You sacrificed for me, I know. You sacrificed affection for resentment. Compassion for contempt. Encouragement for humiliation. Love for your limitations.

I’m grateful for your sacrifices. It made me who I am.

You gave me a gift. A gift that allows me to see things differently, to have a unique view of the world. The gift of doubt.

Confident well-adjusted people don’t make art. They become doctors and lawyers and design furniture for Ikea. That’s what you said. You saved me from that misery.

I don’t know how to repay you, so I’ll do what I learned from you. I’ll sacrifice my worthlessness and destroy the thing that you love.

~ Sacrifices You Made – a flash fiction story by writer-director Greg McDonald based on the photograph.

Backstory to the story

I hate selfies – what McDonald’s is to food, is what selfies are to photography – but I’ve given in and I do take them at certain times just for the hell of it if I feel like it and to document an event or something. When I took this I was going over the story of a script in my head that I’m working on.

I snapped it while driving to the World Ag Expo in Tulare, California from Los Angeles. I was going there to see the hemp pavilion and talk to companies in the hemp world about the video series I’m launching on hemp. It was exciting to see some innovating new hemp products that are coming out.

I’ve never set out to write a flash fiction story, they just sort of happen. Usually I write one based on a picture I’ve taken like this one. They’re fun to write and are a good quick writing exercise that you can do about anything at anytime without making a big investment in time or commitment to a story. Write it. Like it? Then keep it. Expand upon it if you want and incorporate it into something else. Don’t like it? Then leave it in your notebook and forget about it.

Like the other times I’ve written a flash fiction story, such as A Sunny Desert Day, it didn’t occur to me until I got home and looked at the photo that it could tie into my script and could be used as an image that represents the main theme which is about the relationship between a mother and son. I’m currently writing, or rather rewriting it and plan to have it ready soon. I don’t like to talk about things until they’re done so that’ll have to be it for now!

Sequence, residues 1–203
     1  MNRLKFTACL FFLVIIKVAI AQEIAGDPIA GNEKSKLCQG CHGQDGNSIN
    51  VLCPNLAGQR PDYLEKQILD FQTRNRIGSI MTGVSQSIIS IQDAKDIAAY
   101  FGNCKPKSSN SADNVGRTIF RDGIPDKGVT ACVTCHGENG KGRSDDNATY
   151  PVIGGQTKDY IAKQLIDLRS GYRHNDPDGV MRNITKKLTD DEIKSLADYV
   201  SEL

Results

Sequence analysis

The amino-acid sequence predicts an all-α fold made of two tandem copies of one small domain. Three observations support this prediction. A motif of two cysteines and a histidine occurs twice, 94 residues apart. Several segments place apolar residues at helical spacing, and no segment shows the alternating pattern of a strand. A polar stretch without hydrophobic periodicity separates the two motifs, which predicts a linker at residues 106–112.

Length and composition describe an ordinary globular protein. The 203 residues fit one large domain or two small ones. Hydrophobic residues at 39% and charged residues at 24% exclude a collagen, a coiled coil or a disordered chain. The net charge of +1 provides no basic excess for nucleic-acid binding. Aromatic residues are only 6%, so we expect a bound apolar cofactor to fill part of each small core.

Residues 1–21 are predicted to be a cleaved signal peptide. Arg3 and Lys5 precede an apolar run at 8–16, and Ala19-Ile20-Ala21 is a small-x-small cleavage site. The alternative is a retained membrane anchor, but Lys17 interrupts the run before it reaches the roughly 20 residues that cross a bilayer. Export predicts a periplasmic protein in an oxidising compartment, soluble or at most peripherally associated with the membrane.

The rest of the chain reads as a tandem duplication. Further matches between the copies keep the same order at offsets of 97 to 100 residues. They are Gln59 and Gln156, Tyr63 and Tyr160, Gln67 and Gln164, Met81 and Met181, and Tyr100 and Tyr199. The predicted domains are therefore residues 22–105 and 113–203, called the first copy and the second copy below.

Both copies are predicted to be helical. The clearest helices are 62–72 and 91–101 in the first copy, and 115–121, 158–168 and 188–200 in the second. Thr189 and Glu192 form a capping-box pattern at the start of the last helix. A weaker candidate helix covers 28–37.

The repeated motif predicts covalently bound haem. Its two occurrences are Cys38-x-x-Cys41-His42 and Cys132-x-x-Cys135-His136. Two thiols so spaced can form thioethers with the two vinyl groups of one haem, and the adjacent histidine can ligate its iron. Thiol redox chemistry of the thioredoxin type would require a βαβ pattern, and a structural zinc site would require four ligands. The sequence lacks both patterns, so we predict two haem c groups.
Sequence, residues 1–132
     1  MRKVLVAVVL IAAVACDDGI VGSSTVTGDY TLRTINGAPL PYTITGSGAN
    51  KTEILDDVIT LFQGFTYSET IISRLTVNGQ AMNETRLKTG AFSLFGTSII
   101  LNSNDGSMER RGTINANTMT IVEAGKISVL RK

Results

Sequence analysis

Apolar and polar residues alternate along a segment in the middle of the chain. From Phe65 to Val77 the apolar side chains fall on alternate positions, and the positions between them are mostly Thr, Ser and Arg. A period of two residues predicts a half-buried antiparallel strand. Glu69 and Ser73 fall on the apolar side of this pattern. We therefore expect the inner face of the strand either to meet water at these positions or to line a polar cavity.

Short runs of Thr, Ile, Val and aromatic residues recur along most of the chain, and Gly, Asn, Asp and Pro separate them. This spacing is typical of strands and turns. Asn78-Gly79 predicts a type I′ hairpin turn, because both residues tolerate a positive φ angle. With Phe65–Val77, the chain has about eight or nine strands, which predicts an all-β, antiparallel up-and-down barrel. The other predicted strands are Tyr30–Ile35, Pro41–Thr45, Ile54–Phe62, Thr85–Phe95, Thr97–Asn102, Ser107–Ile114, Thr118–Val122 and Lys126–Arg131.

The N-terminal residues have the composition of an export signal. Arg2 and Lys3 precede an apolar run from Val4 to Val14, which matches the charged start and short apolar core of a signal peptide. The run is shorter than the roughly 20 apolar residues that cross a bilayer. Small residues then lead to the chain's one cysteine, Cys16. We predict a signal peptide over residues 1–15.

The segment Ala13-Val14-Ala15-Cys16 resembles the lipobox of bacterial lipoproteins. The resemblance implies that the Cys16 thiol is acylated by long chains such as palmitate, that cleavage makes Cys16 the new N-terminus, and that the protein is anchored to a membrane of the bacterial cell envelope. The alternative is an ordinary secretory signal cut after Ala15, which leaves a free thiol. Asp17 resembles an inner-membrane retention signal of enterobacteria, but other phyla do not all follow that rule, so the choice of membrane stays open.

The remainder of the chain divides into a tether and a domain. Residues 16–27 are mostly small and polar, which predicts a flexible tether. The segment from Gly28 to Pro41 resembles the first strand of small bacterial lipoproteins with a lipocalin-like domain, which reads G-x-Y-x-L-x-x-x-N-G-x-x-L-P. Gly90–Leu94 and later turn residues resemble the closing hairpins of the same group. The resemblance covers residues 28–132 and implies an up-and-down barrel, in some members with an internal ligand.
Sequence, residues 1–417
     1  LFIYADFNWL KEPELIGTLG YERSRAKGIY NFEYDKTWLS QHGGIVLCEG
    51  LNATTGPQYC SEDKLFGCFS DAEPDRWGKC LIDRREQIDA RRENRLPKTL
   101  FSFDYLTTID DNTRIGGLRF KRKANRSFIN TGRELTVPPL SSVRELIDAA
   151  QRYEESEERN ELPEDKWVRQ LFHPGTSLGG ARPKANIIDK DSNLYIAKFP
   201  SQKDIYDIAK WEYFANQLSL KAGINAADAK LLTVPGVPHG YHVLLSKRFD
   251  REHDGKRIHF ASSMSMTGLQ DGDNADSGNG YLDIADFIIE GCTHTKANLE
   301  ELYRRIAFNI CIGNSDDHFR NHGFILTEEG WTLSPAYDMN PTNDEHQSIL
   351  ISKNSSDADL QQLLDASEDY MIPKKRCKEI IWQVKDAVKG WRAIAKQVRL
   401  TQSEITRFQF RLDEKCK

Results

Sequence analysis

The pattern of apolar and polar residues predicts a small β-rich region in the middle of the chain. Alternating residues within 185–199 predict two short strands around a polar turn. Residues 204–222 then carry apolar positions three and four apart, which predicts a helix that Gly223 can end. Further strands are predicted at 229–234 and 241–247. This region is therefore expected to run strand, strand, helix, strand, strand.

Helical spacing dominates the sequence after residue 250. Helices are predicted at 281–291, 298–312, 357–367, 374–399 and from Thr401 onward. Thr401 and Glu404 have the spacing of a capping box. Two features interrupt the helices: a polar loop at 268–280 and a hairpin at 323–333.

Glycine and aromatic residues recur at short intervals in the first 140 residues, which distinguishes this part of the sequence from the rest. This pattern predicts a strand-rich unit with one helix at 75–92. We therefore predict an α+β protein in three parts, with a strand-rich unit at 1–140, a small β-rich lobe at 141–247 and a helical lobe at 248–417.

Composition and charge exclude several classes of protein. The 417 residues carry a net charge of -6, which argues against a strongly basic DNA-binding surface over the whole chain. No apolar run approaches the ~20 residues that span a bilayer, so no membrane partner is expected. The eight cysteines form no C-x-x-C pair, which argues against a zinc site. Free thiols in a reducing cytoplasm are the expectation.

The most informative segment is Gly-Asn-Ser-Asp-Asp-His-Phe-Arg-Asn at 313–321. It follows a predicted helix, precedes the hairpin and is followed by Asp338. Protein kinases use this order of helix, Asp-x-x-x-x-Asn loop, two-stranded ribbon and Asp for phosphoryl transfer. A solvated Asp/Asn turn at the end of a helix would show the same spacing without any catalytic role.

About Gate5, my Los Angeles video production company

Gate5 is a creative video agency and full service video production company in Los Angeles producing high quality video content for the web, your social media outlets, kiosks and broadcast television.

We conceptualize, write scripts, secure locations and permits, cast actors, direct, film and edit commercial videos, narrative films, branded content, product and promotional videos, TV commercials, episodic content and live video streaming production.

Click here for Gate5 video samples.

If you have a commercial or a narrative project where you need a director and/or a video production company, feel free to contact me to discuss it to see how if we can work together on it.

Check out my photography here.

How To Shoot Beauty At The Beach

How to shoot beauty at the beach – get a great model-actress like Hayley Pendergrass and get a great makeup artist like Thirati K! Problem solved.

Seriously, it’s hard to take a bad photo of Hayley. We went out to Long Beach with a vague idea for a short film and to shoot some beauty and fashion stills. We got lucky with it being overcast, which helped out for the beauty shots and later the sun came out just enough to help us out with the fashion shots. Thirati’s makeup perfectly complimented the mood and tone we were going for and the wardrobe. We used what we came across on the beach and used it for the improvised film we shot. It completely changed the idea we had in our heads but it worked out much better than if we had planned everything out. I was very happy with the film and the still photos. All-in-all a very fun and productive day.

It also gave me a chance to try out a 4k cinema camera that I bought last year but haven’t used a whole lot. I was very happy with the results and I figured out what I need to do to make it more ergonomic.

Got a narrative or commercial project? Contact me to discuss. I’d love to hear about it.

Check out Narrative stuff. Or Photography and Commercial and Fashion films.